President Pervez Musharraf said Saturday he imposed a controversial state of emergency as a last resort to save Pakistan from destruction.
In a nationally televised address after lifting the emergency earlier in the day, Musharraf said a conspiracy had been hatched by unspecified people, with the involvement of members of the judiciary, to derail the country's transition to democracy. Parliamentary elections, scheduled for Jan. 8, will determine who will form the next government.
"Against my will, as a last resort, I had to impose the emergency in order to save Pakistan," Musharraf said. "The conspiracy was hatched to destabilize the country. I cannot tell how much pain the nation and I suffered due to this conspiracy."
He said he was not initially confident about fending off the conspiracy, but that the state of emergency had been critical to maintaining stability.
"Now the conspiracy has been foiled, and the election will be held on Jan. 8 ... in a free and fair manner," he said in the 20-minute address.
Still, the country faces another grave period, Musharraf said as he warned political parties not to stir up trouble.
"I regret some parties are boycotting the election while there is no justification," Musharraf said. "The electioneering has not started yet, but some parties are talking of rigging. They should refrain from such accusations. People should take part in the electioneering, cast their vote but should not indulge in any negative activity. The country should not be put into any trouble."
The order to lift emergency rule included a controversial clause that enshrined decisions Musharraf made under the emergency, including his dismissal of independent-minded judges. Such decisions "shall not be called into question by or before any court," the clause said.
"Musharraf's so-called return to constitutional rule provides legal cover to laws that muzzle the media and lawyers and gives the army a license to abuse," said Ali Dayan Hasan, South Asia researcher at New York-based Human Rights Watch.
Sworn in again
The group urged the U.S. and Britain to pressure Musharraf "to insist on a genuine return to constitutional rule and the restoration of the judiciary."
Saturday's order required judges, including those appointed by Musharraf during the emergency, to take the oath of office again. He swore in the Supreme Court's chief justice, then sat solemnly as the justice administered the oath to the rest of the court.
A leader of former Prime Minister Benazir Bhutto's Pakistan Peoples Party praised the end of the emergency but said it did not completely dispel concerns about the fairness of the elections.
"It is a good step, but let's see whether the elections are free, fair and transparent," Makhdoom Amin Fahim said.
He did not rule out cooperation with Musharraf if widespread cheating is avoided.
"But so far, it does not appear that the elections would be held in a fair manner," Fahim said. "All the government machinery is being exploited for foul play."
Liaquat Baloch, a senior leader of the opposition coalition Muttaheda Majlis-e-Amal, or United Action Forum, called Musharraf's move a "fraud," saying judges dismissed by the president have not been restored and the constitution was altered under the emergency.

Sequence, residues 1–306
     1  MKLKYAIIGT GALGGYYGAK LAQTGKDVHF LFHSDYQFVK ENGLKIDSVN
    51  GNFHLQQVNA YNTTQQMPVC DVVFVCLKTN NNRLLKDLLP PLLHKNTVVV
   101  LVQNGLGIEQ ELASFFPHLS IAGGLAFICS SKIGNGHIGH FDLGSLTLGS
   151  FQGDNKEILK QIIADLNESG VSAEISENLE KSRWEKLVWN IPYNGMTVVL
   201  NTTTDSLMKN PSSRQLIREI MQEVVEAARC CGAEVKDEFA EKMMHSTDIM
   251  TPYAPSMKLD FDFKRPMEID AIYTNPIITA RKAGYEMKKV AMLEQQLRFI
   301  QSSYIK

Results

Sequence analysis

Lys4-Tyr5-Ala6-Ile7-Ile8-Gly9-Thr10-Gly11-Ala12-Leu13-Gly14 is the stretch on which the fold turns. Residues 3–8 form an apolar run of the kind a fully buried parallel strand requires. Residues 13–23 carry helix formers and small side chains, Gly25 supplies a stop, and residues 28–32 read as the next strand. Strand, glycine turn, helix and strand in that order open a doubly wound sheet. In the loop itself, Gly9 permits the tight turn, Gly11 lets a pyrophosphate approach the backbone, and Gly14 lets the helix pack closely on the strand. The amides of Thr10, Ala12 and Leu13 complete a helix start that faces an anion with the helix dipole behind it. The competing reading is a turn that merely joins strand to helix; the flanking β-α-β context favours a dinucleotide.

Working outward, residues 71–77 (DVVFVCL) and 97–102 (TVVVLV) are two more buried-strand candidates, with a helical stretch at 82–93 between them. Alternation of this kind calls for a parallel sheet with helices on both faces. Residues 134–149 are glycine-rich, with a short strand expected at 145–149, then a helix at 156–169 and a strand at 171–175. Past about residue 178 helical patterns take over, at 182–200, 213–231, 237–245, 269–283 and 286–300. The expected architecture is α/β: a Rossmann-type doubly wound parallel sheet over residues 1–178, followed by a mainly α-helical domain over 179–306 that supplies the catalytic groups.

"Musharraf had two targets, getting through the illegal process of his elections and purging the judiciary of independent-minded judges, and he achieved both targets," Baloch said.
Musharraf has insisted that the Supreme Court, which had been poised to rule on the legality of his October re-election, was acting beyond the constitution.
But steps he took Friday to tweak the constitution appeared to confirm the opinion of many legal experts that the president's case had been weak.
The president removed a condition from the constitution stating that civil servants, including army officers, had to wait two years after their retirement before running for elected office, Attorney General Malik Mohammed Qayyum told The Associated Press.
Musharraf stepped down as army chief only last month.
Qayyum said other changes sealed the retirement of purged Supreme Court judges, including former Chief Justice Iftikhar Mohammed Chaudhry, who either refused or were not invited to sign a fresh oath after the emergency. Their replacements swiftly approved Musharraf's re-election in October by a Parliament stacked with his supporters.
Jamaat-e-Islami, Pakistan's largest Islamic party, withdrew its 130 candidates for Parliament and 450 nominations for provincial assemblies in protest against Musharraf's dismissal of judges, spokesman Ameerul Azim said.
"This is a fraud election. We are boycotting unless the judges are restored," he said.
Qayyum said Musharraf was considering whether to grant an opposition demand for the suspension of mayors to prevent them from influencing the elections, and whether to lift a ban on anyone serving more than twice as prime minister. That could ease his fraught relations with opposition leaders and archrivals Bhutto and Nawaz Sharif.
However, Sen. Raza Rabbani of Bhutto's party said removing the mayors less than four weeks before the elections was a gesture to appease the international community.
Both Musharraf and his Western backers say they want the election to produce a stable, moderate government strong enough to stand up to a wave of Islamic militancy.
However, Musharraf has clamped down on independent media and purged the judiciary, prompting Bhutto and Sharif to warn of mass demonstrations if they think the vote has been rigged in favor of pro-Musharraf rivals.